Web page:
The majority of the African Diaspora we see in the Western Hemisphere today are the descendants of unwilling migrants. The first generation of enslaved individuals suffered varying degrees of Hell on the voyage, an (un?)intentional effort by the slave industry to dehumanize and commoditize what they would term “human cargo”. Aside from the physical trauma and the appalling mortality rate, the journey had the perverse effect of invalidating and societally denying the Atlantic enslaved – a “social death” of isolation and extreme alienation . For those who survived the Passage, the displacement was permanent and harsh. The practice of slavery was not unknown in West Africa but the modern form was far more extreme and alienating. The sheer act of displacing entire populations with complete disregard for the people thus moved must have generated an amazing distress. Cultural tools and memories of association were impossible given the near total social upheaval of this cognitive displacement . The individuals thus left were upright versions of waiting-death, not fully alive and not fully members of the community. The commoditization of labor was never so truly accomplished with such blatant disregard for the health, mental and physical, of labor. What the Middle Passage served to accomplish was the disintegration of previously naturally assumed social ties, obligations and accomplishments, and replaced them with the sheer destabilizing terror of dictated social conditions and human helplessness.
The enslavement process created an impossible abstraction. The enslaved was not recognized within the plurality of humanity and abstracted on different terms as an aspect of an economy rather than as from a society. The new relationship the enslaved had to deal with was one based on pure coercive power between the “master” and oneself; society for the enslaved had ceased to be. As Smallwater describes, even death was by no means a certain form of escape for the initial slave; death was a release from the physical but cognitively, the enslaved had already died once on the Passage and death subsequently would lack the fulfillment of true social closure . Enslavement also had the desensitizing way of distending meaning and purpose from the enslaved’s existence. By creating a being that had no society, no recognition and no subjectivity beyond the realm of the commodity, the enslaved became a means rather than an end in itself; the enslaved suffers from the total alienation from nature owning nothing and being nothing.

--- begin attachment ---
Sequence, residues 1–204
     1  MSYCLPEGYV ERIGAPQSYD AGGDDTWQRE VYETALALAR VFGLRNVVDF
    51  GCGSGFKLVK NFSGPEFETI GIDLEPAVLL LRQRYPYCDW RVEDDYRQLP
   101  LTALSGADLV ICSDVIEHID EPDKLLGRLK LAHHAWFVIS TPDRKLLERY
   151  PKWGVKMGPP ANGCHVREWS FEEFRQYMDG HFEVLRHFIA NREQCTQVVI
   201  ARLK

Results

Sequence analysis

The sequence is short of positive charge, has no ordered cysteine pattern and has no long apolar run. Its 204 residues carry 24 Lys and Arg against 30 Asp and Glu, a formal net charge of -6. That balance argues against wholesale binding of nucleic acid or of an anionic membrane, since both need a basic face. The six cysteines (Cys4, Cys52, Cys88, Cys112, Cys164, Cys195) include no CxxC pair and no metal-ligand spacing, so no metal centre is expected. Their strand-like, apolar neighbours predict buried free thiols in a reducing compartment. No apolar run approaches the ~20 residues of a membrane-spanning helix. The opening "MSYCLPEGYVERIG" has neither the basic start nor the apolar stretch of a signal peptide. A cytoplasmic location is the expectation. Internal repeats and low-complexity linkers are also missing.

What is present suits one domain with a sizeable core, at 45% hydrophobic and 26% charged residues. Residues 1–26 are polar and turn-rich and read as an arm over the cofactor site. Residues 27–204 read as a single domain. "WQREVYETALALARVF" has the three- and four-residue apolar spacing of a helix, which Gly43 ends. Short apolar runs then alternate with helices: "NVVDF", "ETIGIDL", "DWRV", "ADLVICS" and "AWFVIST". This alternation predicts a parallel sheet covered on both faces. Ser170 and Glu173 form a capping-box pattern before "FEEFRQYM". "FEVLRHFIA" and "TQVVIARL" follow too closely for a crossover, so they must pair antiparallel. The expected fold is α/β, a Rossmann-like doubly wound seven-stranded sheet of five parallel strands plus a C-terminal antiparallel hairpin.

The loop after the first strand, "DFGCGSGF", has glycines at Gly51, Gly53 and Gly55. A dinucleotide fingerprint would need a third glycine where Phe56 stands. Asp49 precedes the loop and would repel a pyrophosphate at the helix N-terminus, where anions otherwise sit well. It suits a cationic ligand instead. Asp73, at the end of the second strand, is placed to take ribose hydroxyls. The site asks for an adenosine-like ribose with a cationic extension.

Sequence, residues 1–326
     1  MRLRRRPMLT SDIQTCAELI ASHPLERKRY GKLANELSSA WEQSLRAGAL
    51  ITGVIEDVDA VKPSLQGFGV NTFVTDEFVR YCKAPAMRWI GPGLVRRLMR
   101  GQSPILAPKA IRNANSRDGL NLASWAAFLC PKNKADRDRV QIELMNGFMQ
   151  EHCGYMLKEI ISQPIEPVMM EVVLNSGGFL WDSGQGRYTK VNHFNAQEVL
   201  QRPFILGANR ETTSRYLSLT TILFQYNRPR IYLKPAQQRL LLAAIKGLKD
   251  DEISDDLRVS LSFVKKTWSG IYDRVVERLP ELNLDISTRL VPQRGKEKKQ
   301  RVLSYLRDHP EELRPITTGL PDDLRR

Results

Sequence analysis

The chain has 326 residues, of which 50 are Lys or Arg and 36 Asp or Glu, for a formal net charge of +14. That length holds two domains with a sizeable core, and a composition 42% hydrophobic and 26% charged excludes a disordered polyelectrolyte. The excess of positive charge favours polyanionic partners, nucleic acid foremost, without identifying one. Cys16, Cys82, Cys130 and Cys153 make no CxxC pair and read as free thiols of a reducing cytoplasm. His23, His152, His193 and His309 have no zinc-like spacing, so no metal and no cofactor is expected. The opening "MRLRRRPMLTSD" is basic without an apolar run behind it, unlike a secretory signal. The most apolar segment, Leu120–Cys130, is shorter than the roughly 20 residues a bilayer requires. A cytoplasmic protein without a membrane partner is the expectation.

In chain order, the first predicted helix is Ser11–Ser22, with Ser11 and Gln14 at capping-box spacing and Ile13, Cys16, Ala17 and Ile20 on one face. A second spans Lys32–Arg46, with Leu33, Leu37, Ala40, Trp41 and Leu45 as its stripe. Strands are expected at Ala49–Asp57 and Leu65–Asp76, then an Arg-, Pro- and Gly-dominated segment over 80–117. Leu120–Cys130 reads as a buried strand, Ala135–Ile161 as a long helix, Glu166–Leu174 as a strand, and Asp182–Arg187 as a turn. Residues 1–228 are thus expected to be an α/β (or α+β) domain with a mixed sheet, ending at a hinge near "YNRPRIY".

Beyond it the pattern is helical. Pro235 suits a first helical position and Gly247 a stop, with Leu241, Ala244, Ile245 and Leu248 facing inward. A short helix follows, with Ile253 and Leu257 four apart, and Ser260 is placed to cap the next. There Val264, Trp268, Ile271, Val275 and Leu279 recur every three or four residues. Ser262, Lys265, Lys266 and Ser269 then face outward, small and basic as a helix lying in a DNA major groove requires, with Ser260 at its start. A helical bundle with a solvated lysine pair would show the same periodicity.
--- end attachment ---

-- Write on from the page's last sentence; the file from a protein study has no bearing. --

How do narratives play into this? The social construct of narratives reasserts an association with society, justifying and claiming to certain rights and access to groups. A disjuncture from the narrative produces a concept of a dehumanized individual - in my opinion - greater than an imposed narrative. To create a narrative requires concerted efforts of generations - even the relatively "natural" narrative of capitalism was not born immediately after Adam Smith's Birth, but was merely an aspect of a larger story being woven and is continuing to this day. Having a narrative imposed is also, likewise, an effort of generations, creating through its methods the seeds of resistance, acquiescence, and authority and arbitration. Narratives come after the fact and is a social process not a mission statement.